Leardership for the Whole Church: Part 4 in the Series reflecting on Slow Church
This is Part 4 of our series looking at the concept of Slow Church and what we can learn from the ideas of Stanley Hauerwas. The links above will direct you to the first three posts in the series. This video is longer than the previous three. However, it’s worth watching the whole video.
Part 4 breaks away somewhat from the first 3 in that the post is more focused on leadership and leaders rather than on the whole body. Yet this video links well with the other three, precisely where Hauerwas talks about leadership as something that is best raised up through the community. Such leadership is in contrast to the leadership model touted by the book store best sellers.
The video starts off with Hauerwas stating that creative authority is all about persuasion. While he talks about it in the context of being a leader in a community such as a church or university, one question it raises, is how do churches express creative authority in the communities in which they are situated?
For many years, the church spoke from a position of assumed authority. Within a Christendom model this was considered acceptable and even expected. As that model has disintegrated, can the church learn to speak authoritatively again.
Many people would question whether the church should ever speak authoritatively, but I think if the church adopts the attitude in the broader community of helping the community to develop their gifts, the church will have something to offer to the whole community.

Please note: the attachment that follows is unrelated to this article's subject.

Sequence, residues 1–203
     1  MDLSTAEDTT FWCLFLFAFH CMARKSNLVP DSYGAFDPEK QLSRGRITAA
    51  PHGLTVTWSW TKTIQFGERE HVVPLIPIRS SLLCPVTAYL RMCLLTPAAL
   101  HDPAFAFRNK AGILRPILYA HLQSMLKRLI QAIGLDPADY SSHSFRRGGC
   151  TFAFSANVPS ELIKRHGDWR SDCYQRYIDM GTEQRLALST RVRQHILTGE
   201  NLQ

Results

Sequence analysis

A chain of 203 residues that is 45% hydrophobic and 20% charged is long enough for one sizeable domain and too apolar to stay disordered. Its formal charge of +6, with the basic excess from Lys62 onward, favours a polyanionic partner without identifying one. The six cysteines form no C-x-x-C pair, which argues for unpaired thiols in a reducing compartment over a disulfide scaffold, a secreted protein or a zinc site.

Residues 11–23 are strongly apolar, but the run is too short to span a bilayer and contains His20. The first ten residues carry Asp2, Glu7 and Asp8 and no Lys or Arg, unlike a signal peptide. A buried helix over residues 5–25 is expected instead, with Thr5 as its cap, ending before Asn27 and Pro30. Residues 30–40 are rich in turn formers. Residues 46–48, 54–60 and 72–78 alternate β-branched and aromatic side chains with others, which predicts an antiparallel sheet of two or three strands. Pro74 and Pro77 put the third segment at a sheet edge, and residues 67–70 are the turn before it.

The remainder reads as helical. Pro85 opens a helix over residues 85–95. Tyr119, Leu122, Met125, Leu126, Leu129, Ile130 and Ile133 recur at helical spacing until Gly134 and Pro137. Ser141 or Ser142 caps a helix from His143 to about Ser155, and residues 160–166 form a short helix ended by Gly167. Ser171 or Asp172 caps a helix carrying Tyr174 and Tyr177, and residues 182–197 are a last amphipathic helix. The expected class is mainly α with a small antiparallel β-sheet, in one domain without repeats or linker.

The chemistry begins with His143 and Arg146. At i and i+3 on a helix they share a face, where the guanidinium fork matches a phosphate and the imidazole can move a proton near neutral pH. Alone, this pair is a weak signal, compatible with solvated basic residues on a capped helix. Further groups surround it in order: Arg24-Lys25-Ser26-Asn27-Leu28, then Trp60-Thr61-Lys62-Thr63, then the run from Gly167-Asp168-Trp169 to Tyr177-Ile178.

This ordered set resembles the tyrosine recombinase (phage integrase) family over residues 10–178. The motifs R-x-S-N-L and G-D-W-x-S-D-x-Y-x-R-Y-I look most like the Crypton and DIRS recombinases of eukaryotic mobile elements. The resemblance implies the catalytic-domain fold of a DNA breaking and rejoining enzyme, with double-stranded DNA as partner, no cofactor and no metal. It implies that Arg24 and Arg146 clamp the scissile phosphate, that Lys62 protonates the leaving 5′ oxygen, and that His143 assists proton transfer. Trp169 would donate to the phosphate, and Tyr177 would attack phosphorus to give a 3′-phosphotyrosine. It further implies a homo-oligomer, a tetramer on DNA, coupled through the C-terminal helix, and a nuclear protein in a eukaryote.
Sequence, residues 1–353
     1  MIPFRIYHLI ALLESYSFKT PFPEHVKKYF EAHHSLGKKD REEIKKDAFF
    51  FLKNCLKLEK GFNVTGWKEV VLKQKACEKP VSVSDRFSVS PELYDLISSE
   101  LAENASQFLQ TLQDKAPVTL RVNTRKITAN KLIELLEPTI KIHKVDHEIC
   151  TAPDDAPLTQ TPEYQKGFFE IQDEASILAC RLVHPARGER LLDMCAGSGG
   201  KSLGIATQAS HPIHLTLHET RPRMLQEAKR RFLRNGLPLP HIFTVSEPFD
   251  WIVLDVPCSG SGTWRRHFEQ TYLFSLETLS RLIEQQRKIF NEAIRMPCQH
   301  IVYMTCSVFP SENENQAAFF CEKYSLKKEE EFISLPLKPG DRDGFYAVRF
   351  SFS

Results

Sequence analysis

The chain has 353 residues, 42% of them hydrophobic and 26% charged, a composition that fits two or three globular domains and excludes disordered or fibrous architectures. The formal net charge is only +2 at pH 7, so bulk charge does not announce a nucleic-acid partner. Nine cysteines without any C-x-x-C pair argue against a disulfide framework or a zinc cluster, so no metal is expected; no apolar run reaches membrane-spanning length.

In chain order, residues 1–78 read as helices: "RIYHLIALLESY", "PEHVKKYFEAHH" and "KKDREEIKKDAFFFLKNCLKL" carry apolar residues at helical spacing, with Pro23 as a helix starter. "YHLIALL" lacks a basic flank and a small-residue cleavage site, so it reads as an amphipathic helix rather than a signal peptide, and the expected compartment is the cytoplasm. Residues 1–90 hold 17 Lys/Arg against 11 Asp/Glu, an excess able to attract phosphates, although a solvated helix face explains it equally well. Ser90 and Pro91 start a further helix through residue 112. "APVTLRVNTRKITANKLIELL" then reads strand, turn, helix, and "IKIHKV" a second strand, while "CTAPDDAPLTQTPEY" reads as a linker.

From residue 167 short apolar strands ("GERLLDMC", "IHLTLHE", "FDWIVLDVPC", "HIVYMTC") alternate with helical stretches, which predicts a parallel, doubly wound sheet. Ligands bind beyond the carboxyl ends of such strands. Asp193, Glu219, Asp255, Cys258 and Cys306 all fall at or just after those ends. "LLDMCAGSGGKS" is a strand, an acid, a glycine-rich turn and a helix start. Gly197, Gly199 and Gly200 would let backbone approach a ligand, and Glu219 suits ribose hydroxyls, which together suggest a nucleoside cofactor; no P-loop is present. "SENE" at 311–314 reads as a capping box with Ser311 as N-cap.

Hauerwas asks an interesting question: What kind of community do you need to be to choose your leaders by lot? The choosing of Matthias he is referring to can be found in Acts 1:12-26. How does such a question challenge our assumptions of what leadership and decision making in the Church should look like?
Hauerwas also talks about developing a discipline of the ego that will allow any institution that you are part of to continue once you have departed. I think this also fits in with the idea of being able to speak authoritatively in the broader community. Just as individual leaders need to learn the discipline of letting go of their egos, so do churches need to learn the same discipline.
One thing that comes out of this style of leadership, is that it rejects persuasion as a sales pitch. Persuasion under the model talked about in this video, and suggested by the previous videos is an activity that comes with long-term sharing of life and exchanging of ideas.
There is more in the video to consider regarding leadership. In particular the question of how do leaders hold on to power as a fragile thing? If you have any thoughts on any of this, please feel free to share them on the St. Philip’s Facebook page.